Office Hours

Monday - Friday

8:00am - 5:00pm

Phone: 530-898-6880
Fax: 530-898-3342

2014 Master's Thesis/Project Writings Workshops Series

  • Beginning in September 2014, Carson Medley, Thesis Editor and Advisor for the Office of Graduate Studies, will present a series of extensive writing workshops for M.A. candidates who plan on writing a master's thesis or project. The workshops, however, are open to all graduate students regardless of their culminating activity. 
  • The workshop series will address specific components of the master's thesis and projects as well as general writing and organizational strategies.   Ultimately, the workshops will cover all aspects of academic writing and research and benefit all students regardless of discipline.  The workshop series has been designed and organized in a way that will guide students in a linear path to the deadline of their culminating activity.  The workshop dates are also available on our website:
  • The presentations will also be available on our website for all those students who cannot attend.

9/24/14 SSC 150 3-4pm

Workshop 2: “What Is a Thesis/Project?” will introduce the student to the culminating activity of their graduate education, the thesis or project, which has terrified students for years. This workshop will discuss the differences between the Thesis and Project, and help students decide which option is best for them. This workshop will also go into the history of and reasoning behind the thesis—to answer a research question—as well as providing a breakdown of the thesis/project into all its parts:

  • Chapter One: The Problem
  • Chapter Two: The Literature Review
  • Chapter Three:  The Methodology
  • Chapter Four: Presentation and Analysis of the Data
  • Chapter Five: Summary, Conclusions, and Recommendations

10/8/14 SSC 150 3-4pm

Workshop 3: “I Have this Great Idea,” will discuss the critical point of coming up with the idea to turn into a thesis. We will talk about where ideas come from, and how to turn potential idea into a thesis.  We will spend a lot of time exploring theses and projects on the Chico Digital Repository.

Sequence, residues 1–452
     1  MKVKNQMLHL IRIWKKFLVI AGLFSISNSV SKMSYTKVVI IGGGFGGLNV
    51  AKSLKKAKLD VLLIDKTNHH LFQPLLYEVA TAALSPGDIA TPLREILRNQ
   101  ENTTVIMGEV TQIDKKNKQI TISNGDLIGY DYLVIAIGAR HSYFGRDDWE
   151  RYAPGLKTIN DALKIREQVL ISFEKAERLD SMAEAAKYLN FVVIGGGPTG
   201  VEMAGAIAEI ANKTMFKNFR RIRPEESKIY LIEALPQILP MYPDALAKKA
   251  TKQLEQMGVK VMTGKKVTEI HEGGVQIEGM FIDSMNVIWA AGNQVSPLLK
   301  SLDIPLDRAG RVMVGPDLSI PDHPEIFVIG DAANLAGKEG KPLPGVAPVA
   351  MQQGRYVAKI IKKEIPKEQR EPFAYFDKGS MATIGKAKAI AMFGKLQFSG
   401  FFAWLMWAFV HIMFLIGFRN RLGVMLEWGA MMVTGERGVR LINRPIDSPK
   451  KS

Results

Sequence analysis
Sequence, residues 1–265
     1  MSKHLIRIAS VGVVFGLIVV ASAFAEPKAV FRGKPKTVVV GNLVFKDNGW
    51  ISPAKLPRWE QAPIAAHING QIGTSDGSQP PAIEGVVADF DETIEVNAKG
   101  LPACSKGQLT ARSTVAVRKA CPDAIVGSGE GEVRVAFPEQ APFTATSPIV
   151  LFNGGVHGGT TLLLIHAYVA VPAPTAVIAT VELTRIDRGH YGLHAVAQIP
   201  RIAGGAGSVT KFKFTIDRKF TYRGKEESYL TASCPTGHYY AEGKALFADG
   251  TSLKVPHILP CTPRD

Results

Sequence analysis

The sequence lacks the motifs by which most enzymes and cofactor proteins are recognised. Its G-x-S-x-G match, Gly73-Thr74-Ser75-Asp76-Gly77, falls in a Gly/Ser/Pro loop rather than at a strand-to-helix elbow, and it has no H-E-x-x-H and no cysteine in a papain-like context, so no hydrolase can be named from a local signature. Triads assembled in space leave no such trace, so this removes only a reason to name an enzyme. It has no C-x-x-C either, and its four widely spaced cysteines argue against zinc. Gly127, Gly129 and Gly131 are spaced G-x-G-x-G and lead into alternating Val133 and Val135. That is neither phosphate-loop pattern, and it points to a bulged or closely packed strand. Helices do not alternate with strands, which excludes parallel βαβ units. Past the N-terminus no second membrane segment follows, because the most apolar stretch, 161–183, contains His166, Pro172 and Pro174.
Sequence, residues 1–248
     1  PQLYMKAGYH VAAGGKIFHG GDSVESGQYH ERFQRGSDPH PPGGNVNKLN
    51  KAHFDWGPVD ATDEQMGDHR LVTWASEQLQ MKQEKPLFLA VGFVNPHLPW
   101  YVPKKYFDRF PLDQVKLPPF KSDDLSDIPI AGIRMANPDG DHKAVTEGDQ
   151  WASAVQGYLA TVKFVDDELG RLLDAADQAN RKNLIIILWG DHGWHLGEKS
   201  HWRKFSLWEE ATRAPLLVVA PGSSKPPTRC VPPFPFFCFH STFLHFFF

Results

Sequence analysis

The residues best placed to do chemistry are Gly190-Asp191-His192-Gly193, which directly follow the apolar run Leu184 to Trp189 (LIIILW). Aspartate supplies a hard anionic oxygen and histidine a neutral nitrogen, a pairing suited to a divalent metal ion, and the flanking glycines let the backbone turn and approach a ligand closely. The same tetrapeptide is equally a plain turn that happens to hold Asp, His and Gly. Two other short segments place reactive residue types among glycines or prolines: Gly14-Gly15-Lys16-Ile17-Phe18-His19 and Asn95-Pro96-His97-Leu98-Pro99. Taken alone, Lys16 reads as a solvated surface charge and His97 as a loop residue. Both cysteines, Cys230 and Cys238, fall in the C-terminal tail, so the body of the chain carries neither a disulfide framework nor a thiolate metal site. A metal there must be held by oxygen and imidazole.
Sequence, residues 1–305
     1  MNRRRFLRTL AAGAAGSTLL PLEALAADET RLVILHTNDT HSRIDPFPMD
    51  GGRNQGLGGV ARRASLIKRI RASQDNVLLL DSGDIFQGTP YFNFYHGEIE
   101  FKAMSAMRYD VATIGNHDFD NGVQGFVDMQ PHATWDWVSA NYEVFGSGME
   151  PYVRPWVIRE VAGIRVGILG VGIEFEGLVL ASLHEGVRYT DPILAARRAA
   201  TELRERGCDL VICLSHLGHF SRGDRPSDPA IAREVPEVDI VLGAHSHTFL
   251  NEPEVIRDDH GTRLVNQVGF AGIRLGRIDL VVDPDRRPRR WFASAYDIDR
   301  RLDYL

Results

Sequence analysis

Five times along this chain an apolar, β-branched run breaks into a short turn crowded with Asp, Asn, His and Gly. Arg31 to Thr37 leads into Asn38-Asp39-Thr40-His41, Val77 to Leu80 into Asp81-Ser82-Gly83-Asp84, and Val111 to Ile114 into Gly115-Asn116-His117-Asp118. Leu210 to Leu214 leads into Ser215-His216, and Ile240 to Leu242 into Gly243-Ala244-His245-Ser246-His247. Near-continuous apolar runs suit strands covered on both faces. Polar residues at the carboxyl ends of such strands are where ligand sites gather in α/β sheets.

10/22/14 3 SSC 150 3-4pm

Workshop 4: “My Only Problem is that I Don’t Have a Problem at All,” will teach the student how to find the problem, the issue—the conflict—in his or her thesis. The research problem applies to a special and specific kind of problem that is unlike any other problems—this problem is an explanatory device presented in carefully written concise and showing, not telling, sentences, that are about finding out how to fix this universal, not personal, problem.  We will strategize ways to detach yourself from the problem, on the surface, and conceal how it relates to your personal or social values. Possible solutions to the problem will drive your thesis, keep pushing it forward when your legs are tired and all you want to do is sit down and bow out of the race.

 10/29/14 SSC 150 3-4pm

Workshop 5: “Which Came First—the Answer or the Question?” will address the most important, and least discussed, aspect of the thesis: the research question that is so enthralling that the graduate student has no problem living with it for at least the next year of her life.  A graduate student cannot be a good thinker and a poor questioner. I will discuss how each discipline is driven not by the answers, but by the essential questions.  This workshop will teach students how to master the art of questioning, and illustrate how these questions will lead to the thesis. I will focus on the following methods of questioning: questioning goals and purposes:

  1. Questioning Goals and Purposes
  2. Questioning Questions
  3. Questioning Information, Data, and Experience
  4. Questioning Concepts and Ideas
  5. Questioning Assumptions
  6. Questioning Implications and Consequences
  7. Questioning Viewpoints and Perspectives